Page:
Described as having “the next great voice in jazz,” Porter reflects on his rise as a major talent.
Jazz vocalist Gregory Porter
Tavis: Grammy nominee Gregory Porter had intended to be a linebacker, but a foot injury found him course-correcting to music, a decision that I think it’s fair to say is now paying some pretty nice dividends.
After three albums, he’s making his mark not only as a singer, but also as a songwriter. His latest CD is titled “Liquid Spirit.” Let’s take a look at a cut from the CD.
Tavis: So I was saying to Gregory a moment ago that it took me about two weeks to get to “Hey, Laura.” That’s track number five. It took me a couple weeks to get there because I couldn’t get off track number one. (Laughter) Which is “No Love Dying.”
Could I just tell you I had literally friends of mine who – and this doesn’t happen all the time. But there are friends of mine who called me, emailed me, text messaged me and said to me, “There is this brother named Gregory Porter who you must have on your show.”
Gregory Porter: Okay.
Tavis: So you got a bunch of fans that are friends of mine that you don’t even know (unintelligible).
Porter: Right. (Laughs)
Tavis: They called me and said, “You got to find this Negro.” (Laughter) “You got to get him on.” (Laughter) “We don’t know where he is, but you’ve got to hear this song, “No Love Dying,” and you’ve got to get him on your show.
So I went in search of it, and our staff found it and found you, and I’m just delighted to have you on the program.
But that first track, we’ll come to “Laura” in a second, but just tell me about this first track, “No Love Dying,” because it’s a powerful – I literally was stuck on it for two weeks.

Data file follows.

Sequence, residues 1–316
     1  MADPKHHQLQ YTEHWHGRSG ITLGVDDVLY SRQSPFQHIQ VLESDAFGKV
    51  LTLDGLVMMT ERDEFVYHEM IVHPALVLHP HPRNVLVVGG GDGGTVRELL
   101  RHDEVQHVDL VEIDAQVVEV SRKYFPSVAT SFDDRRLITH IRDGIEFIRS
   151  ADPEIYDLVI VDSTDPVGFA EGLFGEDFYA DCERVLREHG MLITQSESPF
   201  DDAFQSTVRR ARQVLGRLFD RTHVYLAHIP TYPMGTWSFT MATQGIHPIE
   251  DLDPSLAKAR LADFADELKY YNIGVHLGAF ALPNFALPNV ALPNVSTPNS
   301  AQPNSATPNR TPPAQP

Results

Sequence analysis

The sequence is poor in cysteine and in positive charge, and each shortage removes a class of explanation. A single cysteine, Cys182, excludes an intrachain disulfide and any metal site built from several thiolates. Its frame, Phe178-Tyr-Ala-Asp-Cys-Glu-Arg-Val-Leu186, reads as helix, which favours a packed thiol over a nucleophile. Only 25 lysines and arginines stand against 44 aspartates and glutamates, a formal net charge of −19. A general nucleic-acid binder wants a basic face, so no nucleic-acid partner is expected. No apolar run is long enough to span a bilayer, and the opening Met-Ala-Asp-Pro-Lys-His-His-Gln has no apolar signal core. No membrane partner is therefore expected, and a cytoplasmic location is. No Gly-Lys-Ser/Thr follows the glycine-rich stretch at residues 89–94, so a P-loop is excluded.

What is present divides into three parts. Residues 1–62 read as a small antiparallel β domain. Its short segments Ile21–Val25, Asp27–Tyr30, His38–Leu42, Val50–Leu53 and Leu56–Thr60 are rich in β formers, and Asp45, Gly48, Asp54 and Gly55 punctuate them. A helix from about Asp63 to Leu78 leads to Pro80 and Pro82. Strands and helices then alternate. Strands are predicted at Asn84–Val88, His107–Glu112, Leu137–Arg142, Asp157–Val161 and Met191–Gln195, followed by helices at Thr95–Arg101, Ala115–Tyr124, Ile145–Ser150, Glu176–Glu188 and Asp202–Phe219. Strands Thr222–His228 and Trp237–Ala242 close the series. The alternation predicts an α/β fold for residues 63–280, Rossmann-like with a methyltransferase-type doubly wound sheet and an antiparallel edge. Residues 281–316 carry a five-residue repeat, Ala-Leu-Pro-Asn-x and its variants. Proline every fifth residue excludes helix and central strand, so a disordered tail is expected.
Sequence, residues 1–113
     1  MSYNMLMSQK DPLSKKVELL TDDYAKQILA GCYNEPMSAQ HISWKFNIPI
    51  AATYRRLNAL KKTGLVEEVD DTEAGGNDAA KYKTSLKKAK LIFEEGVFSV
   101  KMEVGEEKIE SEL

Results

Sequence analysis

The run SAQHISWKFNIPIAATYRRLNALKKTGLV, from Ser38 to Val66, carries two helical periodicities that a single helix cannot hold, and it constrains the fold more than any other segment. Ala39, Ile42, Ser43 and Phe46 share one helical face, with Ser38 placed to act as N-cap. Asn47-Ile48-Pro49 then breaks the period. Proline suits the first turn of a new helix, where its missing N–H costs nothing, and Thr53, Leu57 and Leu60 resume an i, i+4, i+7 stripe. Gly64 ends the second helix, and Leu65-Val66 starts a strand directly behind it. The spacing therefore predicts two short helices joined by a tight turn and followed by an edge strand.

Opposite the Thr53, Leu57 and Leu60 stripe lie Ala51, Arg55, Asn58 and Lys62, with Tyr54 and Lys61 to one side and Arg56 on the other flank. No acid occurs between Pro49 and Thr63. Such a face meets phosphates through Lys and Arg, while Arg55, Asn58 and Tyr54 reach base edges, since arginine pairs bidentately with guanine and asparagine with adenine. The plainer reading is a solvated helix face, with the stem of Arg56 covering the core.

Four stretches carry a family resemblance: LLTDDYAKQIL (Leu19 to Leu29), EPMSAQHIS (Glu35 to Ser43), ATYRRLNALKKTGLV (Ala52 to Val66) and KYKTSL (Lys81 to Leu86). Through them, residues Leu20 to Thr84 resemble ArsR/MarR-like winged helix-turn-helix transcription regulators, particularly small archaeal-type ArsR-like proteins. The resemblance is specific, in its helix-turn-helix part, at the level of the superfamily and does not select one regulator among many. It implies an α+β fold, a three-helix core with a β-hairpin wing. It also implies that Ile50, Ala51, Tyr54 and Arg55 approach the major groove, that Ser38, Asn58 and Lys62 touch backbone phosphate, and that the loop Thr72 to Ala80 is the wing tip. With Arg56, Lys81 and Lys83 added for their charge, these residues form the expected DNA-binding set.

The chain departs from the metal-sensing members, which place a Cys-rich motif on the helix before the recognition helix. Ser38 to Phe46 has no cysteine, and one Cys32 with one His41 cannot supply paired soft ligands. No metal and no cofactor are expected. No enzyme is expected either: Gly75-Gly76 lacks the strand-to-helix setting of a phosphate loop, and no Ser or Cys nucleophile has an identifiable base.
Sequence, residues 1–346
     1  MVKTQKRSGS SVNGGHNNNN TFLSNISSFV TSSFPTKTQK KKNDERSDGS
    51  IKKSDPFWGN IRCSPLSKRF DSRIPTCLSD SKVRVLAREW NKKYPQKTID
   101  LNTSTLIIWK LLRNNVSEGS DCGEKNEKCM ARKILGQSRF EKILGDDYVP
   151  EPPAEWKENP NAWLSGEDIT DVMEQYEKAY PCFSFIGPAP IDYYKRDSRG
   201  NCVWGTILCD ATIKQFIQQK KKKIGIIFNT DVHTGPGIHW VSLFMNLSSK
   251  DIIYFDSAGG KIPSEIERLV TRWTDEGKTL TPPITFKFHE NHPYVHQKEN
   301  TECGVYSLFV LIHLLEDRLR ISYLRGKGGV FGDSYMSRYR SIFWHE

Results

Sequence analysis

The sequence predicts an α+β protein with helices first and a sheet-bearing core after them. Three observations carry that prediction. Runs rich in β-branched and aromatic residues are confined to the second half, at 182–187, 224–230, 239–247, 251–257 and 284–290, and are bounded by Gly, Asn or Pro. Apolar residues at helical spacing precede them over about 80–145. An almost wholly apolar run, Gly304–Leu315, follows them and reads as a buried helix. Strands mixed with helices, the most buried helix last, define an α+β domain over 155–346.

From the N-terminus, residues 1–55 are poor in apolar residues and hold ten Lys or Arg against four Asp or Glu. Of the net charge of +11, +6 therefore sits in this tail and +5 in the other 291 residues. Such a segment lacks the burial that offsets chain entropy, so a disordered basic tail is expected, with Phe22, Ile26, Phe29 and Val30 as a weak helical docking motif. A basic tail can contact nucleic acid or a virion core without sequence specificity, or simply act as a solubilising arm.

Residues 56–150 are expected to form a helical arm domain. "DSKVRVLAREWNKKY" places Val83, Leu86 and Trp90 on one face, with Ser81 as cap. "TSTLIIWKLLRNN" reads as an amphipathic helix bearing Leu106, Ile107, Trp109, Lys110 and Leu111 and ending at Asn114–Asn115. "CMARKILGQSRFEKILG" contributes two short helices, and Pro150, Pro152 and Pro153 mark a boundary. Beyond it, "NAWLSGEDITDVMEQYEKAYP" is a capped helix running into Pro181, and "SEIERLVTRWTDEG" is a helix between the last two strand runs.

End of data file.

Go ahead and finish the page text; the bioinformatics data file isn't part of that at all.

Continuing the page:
Porter: Yeah. Well for me, I’m just trying to put this poetry, these life – life is poetry, in a way, and I try to grab the pieces of it that are poetry and put it into song.
Just a statement and a pushback in defiance against the pressures that come against love. There will be – it’s like an old man coming out of the house on the porch and saying, “Ain’t gonna be no trouble around here.” There will be no love that’s dying here.
These symbols and these things that are in the face of love, the violence and dishonesty, I make a statement. Just defiance, in a way, because the will, the will of love – that’s what I like to think about. The will of love is powerful. (Singing) There will be no love that’s dying here. You know? Yeah.
Tavis: Yeah. It’s a powerful thing, man. (Laughter) Love is, it’s easy to say, I don’t know how easy it is to write about, but it ain’t always easy to practice.
Porter: Well the thing for me in writing and thinking about music and putting music together is to try to be organic. Sometimes people think it’s like really clever when you’re – it’s like man, how did you make those connections between the music, the song, and a real story.